To evaluate whether subcutaneous (SC) metoclopramide (0.2 mg kg−1) administered 30 minutes prior to (T30) or simultaneously with (T0) intramuscular
(IM) morphine (0.2 mg kg−1) and dexmedetomidine (0.003 mg kg−1) reduces the incidence of nausea and emesis in healthy dogs.
Prospective, randomized and blinded study.
A total of 45 dogs scheduled for elective procedures.
Dogs were assigned randomly to three groups to be administered SC metoclopramide (0.2 mg kg−1) 30 minutes before (group M30) or simultaneously (group M0) to IM morphine (0.2 mg
kg−1) and dexmedetomidine (0.003 mg kg−1). Dogs in the control group (group C) were administered SC saline at T30 and T0.
Dogs were observed for 30 minutes after premedication to evaluate signs of nausea
(continuous lip-licking and sialorrhoea) and emesis. Signs of pain or discomfort caused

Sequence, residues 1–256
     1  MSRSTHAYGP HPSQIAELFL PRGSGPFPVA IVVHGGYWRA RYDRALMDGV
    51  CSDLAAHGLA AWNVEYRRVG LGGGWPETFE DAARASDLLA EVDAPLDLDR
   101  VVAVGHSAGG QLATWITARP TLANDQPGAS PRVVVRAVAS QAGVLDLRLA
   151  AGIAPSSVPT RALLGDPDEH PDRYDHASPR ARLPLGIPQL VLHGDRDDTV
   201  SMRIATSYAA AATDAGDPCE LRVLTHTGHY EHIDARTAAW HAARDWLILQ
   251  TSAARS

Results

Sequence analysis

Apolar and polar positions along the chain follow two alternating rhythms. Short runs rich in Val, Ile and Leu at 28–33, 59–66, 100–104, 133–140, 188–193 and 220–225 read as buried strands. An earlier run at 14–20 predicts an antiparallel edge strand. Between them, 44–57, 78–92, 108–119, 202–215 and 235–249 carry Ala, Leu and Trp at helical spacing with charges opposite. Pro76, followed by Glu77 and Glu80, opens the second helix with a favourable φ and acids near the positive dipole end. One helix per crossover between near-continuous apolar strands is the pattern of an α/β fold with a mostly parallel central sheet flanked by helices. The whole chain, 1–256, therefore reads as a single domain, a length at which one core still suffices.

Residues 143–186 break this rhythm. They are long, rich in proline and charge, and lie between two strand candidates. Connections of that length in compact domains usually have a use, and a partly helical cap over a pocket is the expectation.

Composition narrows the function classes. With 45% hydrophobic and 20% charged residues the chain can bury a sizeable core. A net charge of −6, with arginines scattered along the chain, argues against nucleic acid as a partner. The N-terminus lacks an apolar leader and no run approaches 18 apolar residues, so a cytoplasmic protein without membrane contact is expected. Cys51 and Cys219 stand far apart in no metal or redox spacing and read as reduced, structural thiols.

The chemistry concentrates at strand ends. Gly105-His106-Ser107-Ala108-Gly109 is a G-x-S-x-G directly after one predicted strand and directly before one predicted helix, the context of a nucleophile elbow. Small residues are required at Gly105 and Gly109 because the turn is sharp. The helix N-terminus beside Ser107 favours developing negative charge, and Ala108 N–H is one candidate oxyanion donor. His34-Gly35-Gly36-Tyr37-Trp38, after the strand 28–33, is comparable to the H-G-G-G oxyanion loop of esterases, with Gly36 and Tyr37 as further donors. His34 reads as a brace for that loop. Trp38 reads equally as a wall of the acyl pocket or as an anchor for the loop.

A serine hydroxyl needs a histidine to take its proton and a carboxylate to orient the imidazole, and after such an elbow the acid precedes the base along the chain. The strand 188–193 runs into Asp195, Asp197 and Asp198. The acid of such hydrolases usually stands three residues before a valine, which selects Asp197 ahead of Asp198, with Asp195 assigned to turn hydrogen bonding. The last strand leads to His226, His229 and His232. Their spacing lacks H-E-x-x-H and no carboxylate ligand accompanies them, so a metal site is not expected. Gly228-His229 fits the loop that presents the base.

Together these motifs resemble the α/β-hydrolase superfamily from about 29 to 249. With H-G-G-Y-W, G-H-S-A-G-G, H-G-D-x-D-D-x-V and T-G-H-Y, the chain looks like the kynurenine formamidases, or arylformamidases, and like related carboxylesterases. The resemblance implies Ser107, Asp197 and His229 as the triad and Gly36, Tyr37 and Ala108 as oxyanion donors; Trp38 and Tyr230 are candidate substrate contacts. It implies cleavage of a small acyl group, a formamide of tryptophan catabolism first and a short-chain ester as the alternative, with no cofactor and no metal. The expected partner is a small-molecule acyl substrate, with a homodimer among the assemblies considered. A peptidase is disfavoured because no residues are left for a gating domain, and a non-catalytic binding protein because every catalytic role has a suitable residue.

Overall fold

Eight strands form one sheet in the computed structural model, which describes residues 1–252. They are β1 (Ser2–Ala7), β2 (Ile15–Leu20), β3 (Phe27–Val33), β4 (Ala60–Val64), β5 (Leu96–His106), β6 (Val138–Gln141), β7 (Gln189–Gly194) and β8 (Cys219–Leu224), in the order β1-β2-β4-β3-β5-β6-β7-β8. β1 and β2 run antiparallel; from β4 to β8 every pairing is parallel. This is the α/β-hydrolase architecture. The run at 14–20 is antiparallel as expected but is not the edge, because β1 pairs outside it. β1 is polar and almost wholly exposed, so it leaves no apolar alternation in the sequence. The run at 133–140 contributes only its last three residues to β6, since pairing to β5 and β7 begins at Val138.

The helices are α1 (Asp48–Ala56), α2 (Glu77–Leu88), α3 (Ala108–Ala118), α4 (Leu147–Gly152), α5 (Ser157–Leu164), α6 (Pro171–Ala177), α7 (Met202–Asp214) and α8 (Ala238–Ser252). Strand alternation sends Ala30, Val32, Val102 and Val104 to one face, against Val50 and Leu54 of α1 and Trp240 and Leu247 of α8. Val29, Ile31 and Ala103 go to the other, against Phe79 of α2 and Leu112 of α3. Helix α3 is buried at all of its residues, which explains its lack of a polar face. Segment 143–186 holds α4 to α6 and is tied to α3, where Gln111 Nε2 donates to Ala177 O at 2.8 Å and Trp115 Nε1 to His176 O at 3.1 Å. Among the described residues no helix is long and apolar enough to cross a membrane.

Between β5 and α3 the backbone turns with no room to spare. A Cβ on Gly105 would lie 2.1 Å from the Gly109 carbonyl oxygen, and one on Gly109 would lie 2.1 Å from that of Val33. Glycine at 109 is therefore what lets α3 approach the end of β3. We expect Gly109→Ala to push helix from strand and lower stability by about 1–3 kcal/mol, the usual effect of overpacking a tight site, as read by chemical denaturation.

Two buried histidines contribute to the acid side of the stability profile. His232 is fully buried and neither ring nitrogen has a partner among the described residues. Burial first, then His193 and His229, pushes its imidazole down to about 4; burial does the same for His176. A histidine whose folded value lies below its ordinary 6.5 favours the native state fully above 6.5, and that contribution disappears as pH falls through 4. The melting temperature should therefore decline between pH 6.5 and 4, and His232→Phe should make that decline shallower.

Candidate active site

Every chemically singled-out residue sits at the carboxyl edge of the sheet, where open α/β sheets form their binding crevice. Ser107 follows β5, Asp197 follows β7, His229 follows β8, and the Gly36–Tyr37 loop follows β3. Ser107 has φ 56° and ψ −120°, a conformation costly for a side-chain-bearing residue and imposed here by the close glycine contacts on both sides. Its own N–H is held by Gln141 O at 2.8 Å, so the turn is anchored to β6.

by SC injections were also recorded.
There were no statistical differences amongst groups for age, body weight and sex.
More dogs developed continuous lip-licking in group C (12/15, 80.0%) compared to dogs
in group M30 (1/15, 6.7%) and dogs in group M0 (5/15, 33.3%; p = 0.0001 and p = 0.01, respectively). More dogs developed sialorrhoea in group M0 (8/15, 53.3%)
and in group C (10/15, 66.7%) compared to dogs in group M30 (2/15, 13.3%; p = 0.03 and p = 0.004, respectively). More dogs vomited in group M0 (4/15, 26.7%) and in group
C (9/15, 60.0%) compared to dogs in group M30 (0/15, 0.0%; p = 0.05 and p = 0.0003, respectively). None of the dogs demonstrated signs of pain or discomfort
during SC metoclopramide injection.
Conclusions and clinical relevance:
Subcutaneous metoclopramide at 0.2 mg kg−1 may reduce IM morphine and dexmedetomidine-induced nausea and emesis if administered
30 minutes in advance. It is effective in reducing lip-licking even when administered
concurrently with IM morphine–dexmedetomidine.